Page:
• Public Health Workforce: There is a compelling need to grow the maternal mental health workforce in Georgia and beyond. Authorizing Medicaid to reimburse perinatal support workers could make a critically important difference.
  • Mental Health: The mental health crisis, including anxiety and depression among youth and young adults, is a problem that has worsened over the past decade, for multiple reasons. Addressing the problem successfully will require improved access to better mental health treatment while also acknowledging and responding to important social determinants of health (family structure and stability, housing, and much else).  
  • Telehealth: One big issue the Medicare program will need to address is how to continue paying for telehealth visits once current coverage vehicle, the Public Health Emergency provisions (enacted during the COVID crisis), expires this year.
  • AI: There are major questions about whether and how to regulate the use of AI in health care in ways that promote safety, effectiveness, and equity of access to care.  


Yang Liu, Gangarosa Distinguished Professor and Chair, Gangarosa Department of Environmental Health


 I wouldn't be surprised to see a stronger and closer coupling of climate change and health. COP28 put health as a central theme for international climate negotiations that should motivate a lot of new studies—previously all the policy scenario analysis in the climate change space did not include health at all. My second observation or forecast from the environmental health perspective is the closer and more extensive engagement of community-based approaches. We've seen multiple major funding agencies getting into this space and calling for community participation in climate adaptation and building resilient communities.

 In addition to research activities from the Inflation Reduction Act and the infrastructure bill, there are major resources allocated to community investment and actually building up community resilience against climate change instead of assessing or identifying vulnerable communities. 

I think we’ll see the general public, and probably policymakers, start to accept this reality that climate change is here. It is happening. It is hitting us. It is harming us. It's not a hypothetical thing down the road anymore

Don Operario, Rollins Professor and Chair, Department of Behavioral, Social, and Health Education Sciences


I think we’ll see a lot of issues raised related to themes under the behavioral, social, and health education sciences umbrella. Reproductive rights and sexual health services definitely will be one. Issues around health inequities among minority populations, migrant populations, and access to health services for people who are outside of social safety nets will continue to be prevalent. Collective conflict in major parts of the world and the mental health and physical and structural health issues related to accruing conflict-related traumas will be even more concentrated when they enter media discourse.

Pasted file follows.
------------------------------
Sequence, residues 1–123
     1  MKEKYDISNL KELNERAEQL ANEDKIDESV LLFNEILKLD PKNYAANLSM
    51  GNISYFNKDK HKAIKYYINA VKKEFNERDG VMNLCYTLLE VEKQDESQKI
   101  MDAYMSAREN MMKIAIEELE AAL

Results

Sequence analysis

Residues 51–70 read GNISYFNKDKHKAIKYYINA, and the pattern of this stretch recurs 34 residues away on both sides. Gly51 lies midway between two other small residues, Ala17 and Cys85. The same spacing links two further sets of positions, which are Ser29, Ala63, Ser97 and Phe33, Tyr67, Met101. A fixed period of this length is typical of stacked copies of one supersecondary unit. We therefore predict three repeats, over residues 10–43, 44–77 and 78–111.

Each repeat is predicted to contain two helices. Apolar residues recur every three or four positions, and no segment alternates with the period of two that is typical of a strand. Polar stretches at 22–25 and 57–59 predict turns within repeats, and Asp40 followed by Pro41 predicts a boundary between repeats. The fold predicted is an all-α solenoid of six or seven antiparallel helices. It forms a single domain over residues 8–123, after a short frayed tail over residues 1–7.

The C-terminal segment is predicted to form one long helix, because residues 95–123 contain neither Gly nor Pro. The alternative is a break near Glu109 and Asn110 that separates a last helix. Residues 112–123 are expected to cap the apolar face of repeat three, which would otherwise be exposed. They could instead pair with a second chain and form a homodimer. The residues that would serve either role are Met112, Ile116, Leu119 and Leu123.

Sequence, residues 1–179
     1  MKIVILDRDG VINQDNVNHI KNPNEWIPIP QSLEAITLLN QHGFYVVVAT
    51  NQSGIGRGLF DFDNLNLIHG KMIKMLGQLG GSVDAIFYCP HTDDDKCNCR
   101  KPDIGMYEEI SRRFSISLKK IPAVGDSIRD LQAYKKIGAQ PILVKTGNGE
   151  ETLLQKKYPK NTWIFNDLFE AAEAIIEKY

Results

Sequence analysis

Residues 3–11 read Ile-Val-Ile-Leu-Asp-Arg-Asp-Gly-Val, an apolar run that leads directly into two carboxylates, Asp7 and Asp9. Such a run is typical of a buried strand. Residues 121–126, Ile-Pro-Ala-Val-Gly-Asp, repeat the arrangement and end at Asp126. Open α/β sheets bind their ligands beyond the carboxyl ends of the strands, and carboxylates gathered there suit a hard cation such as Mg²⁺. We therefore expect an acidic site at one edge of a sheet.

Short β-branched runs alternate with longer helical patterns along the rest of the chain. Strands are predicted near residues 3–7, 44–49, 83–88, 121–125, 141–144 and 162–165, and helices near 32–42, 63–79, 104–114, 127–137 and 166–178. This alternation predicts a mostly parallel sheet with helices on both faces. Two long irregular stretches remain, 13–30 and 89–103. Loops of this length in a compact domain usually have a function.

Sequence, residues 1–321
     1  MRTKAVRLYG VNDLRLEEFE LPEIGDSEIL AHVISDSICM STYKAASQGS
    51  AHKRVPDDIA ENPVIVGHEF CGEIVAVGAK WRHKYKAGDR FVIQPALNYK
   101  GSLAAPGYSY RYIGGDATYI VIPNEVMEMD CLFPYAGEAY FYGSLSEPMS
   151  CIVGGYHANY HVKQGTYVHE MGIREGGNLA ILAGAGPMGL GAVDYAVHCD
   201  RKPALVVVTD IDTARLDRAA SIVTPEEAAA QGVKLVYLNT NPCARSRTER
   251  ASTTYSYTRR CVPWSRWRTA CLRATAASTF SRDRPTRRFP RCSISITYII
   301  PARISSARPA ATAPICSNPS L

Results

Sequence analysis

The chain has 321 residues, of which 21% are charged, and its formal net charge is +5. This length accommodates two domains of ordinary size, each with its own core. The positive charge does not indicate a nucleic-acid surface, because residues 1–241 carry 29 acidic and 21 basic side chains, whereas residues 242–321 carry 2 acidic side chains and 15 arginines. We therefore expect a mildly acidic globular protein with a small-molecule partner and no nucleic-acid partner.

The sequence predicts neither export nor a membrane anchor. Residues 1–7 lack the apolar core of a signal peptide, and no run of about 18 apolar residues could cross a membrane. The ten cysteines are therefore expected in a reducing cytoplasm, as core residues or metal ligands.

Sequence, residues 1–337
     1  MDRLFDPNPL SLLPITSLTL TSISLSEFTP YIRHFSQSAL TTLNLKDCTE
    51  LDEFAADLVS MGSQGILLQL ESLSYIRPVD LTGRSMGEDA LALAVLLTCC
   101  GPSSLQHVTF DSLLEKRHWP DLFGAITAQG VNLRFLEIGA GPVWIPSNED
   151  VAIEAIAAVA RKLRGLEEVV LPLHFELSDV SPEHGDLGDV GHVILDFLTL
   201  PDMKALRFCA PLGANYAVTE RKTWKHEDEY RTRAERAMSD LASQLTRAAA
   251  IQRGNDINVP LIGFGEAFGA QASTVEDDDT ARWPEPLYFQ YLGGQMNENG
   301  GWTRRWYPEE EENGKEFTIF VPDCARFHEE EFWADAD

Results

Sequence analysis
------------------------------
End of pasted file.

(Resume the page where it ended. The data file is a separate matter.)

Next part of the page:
Usha Ramakrishnan, Chair and Distinguished Richard N. Hubert Professor, Hubert Department of Global Health


Global conflict and humanitarian crises will remain a major public health concern in 2024 as we look at the effects of war on populations around the world. These health impacts include increased infectious diseases, starvation, longer-term generational impacts, and rates of intimate partner violence, in addition to injuries caused by the direct violence of war. On a related note, immigration will continue to be a part of the political discourse. 

With the continuation of COVID, but also RSV, flu, and other infectious diseases, vaccine development and distribution will be an area of focus, particularly in a global context where low-income countries are not receiving vaccines at an adequate level. Tuberculosis and diabetes remain prevalent and are major causes of illness and death, globally. 

In looking at community health and disease prevention, access to water, sanitation, and hygiene, and nutritious food are issues that affect not only low and middle-income countries, but also communities in the United States. 

Maternal health—globally and in the United States—will continue to be a major topic of discussion.